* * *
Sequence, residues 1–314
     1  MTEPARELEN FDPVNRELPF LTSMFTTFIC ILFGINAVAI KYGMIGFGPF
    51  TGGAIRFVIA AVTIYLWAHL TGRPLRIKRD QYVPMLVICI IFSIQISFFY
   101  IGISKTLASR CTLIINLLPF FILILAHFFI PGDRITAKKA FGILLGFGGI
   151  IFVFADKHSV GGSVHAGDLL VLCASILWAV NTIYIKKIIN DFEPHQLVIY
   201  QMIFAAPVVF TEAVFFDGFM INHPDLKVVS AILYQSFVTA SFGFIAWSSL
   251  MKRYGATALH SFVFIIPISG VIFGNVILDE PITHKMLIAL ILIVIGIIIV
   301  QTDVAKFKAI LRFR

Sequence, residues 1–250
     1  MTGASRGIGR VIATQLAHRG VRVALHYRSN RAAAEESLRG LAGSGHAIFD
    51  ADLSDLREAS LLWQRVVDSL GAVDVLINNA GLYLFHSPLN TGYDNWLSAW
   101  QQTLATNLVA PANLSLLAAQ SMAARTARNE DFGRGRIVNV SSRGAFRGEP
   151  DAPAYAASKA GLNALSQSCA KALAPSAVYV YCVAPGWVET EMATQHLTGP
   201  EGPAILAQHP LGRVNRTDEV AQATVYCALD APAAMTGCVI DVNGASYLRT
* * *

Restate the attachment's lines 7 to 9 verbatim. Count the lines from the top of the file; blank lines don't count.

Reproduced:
   251  MKRYGATALH SFVFIIPISG VIFGNVILDE PITHKMLIAL ILIVIGIIIV
   301  QTDVAKFKAI LRFR

Sequence, residues 1–250